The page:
My third visit to the grill, I sat at the crowded bar while having late night drinks with a friend. We were just hungry enough for something, but due to the late hour, the main kitchen was closed for the night, so choices were limited to appetizers and light fare. The bartender suggested French fries. My belief is if you’re going to eat something that is supposed to be bad for you, it better be worth it. OMG! A huge plate of piping hot perfectly cooked golden fries were presented with the restaurant’s homemade bordelaise sauce (the bartender’s idea) making for incredibly yummy dipping. Way better than ketchup or my usual mayo.

At all three meals, service was cheerful, helpful and top notch. The food was so good, I ate it before remembering to take photos. While pricey at dinner, the St. Paul Grill is well worth the money for the quality of food and service provided.

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St Paul Hotel – Historic Luxury

(Second in a continuing series on winter travel.)

I love historic hotels. I got to stay in the St. Paul Hotel recently for business. As soon as my ride pulled up to the entrance, I was like “Wow! What a beautiful place. How lucky am I to get to stay here.” I was greeted by a dapper doorman in top hat who helped get me and my luggage in out of the frosty outdoors. Check-in was smooth and quick. Ben, who escorted me to my room, was very helpful explaining all sorts of things about the room and hotel.

The hotel has had its ups and downs since opening in the mid-1800s. So glad that back in 1982, a group of people in St. Paul cared enough to save and restore this important piece of the city’s history for visitors to enjoy. I was charmed with the elegant Old World decor including the welcoming warmth of the lobby fireplace. Four of the chandeliers in the lobby area originally hung in the old ballroom.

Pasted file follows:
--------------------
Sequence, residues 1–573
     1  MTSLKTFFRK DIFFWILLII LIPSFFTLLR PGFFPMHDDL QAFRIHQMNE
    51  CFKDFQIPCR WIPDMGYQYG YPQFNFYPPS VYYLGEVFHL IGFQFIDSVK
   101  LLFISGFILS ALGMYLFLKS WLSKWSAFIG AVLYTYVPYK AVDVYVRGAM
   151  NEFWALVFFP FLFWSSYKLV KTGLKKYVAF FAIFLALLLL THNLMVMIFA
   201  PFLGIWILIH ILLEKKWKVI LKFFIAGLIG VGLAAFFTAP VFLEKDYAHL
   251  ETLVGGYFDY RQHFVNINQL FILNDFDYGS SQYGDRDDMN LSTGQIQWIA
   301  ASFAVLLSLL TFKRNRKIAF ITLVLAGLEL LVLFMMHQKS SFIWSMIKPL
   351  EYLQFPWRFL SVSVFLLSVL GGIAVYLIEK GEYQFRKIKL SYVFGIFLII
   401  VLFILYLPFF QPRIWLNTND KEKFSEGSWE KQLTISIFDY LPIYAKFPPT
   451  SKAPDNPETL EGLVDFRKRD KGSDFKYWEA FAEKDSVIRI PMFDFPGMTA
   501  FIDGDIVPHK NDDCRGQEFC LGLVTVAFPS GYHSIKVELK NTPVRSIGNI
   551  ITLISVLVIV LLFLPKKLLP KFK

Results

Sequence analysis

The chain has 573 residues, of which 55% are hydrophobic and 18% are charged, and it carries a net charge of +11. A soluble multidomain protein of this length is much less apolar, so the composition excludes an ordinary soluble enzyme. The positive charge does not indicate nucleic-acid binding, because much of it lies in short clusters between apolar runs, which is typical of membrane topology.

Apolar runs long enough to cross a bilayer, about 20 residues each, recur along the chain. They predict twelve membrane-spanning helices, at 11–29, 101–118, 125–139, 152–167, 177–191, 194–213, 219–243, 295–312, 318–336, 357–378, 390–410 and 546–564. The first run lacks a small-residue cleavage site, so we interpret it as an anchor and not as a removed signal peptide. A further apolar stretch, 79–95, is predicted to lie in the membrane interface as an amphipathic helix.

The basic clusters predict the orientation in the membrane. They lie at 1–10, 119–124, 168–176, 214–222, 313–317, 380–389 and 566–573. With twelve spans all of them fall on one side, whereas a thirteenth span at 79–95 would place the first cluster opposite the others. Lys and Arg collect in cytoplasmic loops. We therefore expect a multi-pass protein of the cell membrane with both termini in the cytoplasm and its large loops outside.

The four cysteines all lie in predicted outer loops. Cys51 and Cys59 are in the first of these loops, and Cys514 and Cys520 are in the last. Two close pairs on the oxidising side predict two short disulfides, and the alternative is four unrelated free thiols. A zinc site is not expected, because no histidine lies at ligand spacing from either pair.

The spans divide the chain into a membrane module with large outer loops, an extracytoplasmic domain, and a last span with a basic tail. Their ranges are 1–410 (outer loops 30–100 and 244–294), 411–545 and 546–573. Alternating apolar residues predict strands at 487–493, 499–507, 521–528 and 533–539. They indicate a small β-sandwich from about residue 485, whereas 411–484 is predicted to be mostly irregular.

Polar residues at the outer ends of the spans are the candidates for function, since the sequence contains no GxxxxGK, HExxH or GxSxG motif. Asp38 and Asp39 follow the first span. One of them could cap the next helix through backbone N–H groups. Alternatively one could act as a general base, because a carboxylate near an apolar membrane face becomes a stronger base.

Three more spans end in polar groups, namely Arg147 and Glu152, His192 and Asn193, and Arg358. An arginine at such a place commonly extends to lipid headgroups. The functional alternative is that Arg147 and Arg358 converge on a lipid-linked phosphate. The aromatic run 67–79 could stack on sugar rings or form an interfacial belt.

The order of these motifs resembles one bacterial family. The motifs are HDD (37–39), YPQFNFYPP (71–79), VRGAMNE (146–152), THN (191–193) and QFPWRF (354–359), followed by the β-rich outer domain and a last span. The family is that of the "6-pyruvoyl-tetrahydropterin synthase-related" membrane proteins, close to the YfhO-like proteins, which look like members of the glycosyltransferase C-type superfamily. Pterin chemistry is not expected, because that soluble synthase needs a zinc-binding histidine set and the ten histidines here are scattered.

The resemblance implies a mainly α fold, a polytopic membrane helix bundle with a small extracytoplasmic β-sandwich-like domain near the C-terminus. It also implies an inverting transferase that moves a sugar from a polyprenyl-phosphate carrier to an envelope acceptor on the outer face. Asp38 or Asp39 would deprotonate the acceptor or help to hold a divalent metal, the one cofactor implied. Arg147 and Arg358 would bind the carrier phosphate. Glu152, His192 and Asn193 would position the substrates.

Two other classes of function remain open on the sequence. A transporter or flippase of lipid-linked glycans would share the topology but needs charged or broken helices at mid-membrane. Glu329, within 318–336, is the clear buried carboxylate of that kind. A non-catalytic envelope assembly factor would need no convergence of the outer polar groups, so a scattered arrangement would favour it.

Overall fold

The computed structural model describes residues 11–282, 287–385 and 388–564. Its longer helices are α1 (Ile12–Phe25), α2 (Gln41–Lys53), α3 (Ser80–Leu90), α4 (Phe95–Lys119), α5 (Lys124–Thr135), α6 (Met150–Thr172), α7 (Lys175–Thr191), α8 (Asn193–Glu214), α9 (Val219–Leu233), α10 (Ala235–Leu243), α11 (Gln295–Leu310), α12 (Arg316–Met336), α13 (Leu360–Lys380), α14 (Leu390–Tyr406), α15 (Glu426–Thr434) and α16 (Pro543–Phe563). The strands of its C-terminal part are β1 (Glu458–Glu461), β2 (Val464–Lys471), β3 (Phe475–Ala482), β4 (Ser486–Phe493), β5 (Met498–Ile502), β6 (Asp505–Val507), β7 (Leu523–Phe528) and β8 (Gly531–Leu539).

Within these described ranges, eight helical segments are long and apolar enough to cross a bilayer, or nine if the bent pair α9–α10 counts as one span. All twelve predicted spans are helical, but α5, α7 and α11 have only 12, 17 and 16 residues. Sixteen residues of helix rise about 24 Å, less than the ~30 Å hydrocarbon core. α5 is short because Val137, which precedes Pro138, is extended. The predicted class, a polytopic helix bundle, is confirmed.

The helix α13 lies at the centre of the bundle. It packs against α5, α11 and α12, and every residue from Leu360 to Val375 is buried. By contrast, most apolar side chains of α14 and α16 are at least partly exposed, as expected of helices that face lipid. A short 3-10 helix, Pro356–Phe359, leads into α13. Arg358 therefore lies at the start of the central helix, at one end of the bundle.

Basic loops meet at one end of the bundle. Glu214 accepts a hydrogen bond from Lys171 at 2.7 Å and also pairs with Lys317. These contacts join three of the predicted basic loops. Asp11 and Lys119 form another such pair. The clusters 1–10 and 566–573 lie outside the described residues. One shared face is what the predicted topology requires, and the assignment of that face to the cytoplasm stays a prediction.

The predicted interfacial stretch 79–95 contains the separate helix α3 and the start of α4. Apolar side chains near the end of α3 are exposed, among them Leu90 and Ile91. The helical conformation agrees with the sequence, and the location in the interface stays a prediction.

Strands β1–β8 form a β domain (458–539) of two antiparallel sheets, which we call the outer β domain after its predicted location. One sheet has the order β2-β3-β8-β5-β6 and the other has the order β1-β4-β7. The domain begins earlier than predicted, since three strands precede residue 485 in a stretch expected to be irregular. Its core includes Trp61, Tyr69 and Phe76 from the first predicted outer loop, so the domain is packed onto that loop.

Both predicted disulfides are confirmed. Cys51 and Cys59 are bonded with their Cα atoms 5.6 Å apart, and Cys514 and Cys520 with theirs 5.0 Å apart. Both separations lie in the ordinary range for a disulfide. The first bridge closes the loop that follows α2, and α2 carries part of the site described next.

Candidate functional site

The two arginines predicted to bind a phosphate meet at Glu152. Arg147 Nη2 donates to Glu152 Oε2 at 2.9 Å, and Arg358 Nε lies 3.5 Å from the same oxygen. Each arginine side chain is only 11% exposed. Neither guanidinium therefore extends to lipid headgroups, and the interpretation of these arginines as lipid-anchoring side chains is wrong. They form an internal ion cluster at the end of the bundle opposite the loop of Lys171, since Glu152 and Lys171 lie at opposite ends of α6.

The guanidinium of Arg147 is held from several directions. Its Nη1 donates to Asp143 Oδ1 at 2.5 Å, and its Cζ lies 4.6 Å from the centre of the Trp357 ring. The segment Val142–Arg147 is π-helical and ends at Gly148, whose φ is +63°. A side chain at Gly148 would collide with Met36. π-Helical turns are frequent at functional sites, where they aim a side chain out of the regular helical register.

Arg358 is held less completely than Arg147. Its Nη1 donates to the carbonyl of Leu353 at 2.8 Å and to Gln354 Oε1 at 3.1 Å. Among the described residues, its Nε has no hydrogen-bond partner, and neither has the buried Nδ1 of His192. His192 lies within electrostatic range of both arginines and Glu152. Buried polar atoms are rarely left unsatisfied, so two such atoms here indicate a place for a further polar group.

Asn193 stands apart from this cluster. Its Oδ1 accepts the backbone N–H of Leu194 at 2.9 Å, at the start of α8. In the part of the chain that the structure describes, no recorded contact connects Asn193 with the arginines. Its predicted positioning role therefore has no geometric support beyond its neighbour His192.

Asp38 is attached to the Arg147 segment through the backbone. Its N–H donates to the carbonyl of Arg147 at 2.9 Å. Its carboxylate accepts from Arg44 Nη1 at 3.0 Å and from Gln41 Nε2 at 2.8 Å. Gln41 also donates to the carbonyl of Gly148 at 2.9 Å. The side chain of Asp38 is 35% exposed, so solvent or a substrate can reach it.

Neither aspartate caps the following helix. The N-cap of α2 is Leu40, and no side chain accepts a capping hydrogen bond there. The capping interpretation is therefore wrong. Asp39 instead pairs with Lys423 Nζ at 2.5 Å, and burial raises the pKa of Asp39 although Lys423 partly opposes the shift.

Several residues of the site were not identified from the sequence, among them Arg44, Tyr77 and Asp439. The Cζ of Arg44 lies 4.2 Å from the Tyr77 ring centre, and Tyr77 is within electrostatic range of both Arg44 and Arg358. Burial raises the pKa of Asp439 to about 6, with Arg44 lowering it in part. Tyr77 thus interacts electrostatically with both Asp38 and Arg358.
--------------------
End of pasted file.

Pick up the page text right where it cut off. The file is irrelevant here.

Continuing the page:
My spacious king room overlooked Rice Park – lovely at night with the trees lit with tiny white lights. The bed was super comfy. The fluffy pillows gave such great support for my neck that I only needed one to sleep on; a first in any hotel stay. Certainly contributed to getting a good night’s sleep.

 

Cons – 1) Since you can only update a fine old structure with limited electrical, the room sometimes seemed dark and 2) You can feel a draft from the windows and the room can be cold at times when it’s sub-zero or single digits outside.

The Good Stuff – The bathroom has lots of counter space including a shelf above the sink for all a lady’s toiletries and make-up. Free WiFi was speedy enough for my iPhone. Like some British hotels, high tea is served in the lobby on select days. There was a tea held on Saturday which was very popular and heavily attended. Of the meals I ate at the hotel (more in detailed reviews under individual restaurants), all were satisfying and wait staff was very helpful. Throughout my stay when I needed various things, the staff took care of requests quickly and to my complete satisfaction. Quick walk to several restaurants and Skyway/Tunnel walk to Xcel Energy Center Arena and other event venues keeps you out of the cold. I would gladly stay at the St. Paul again and highly recommend it, especially for a romantic weekend or special occasion. It isn’t cheap to stay here, but well worth it.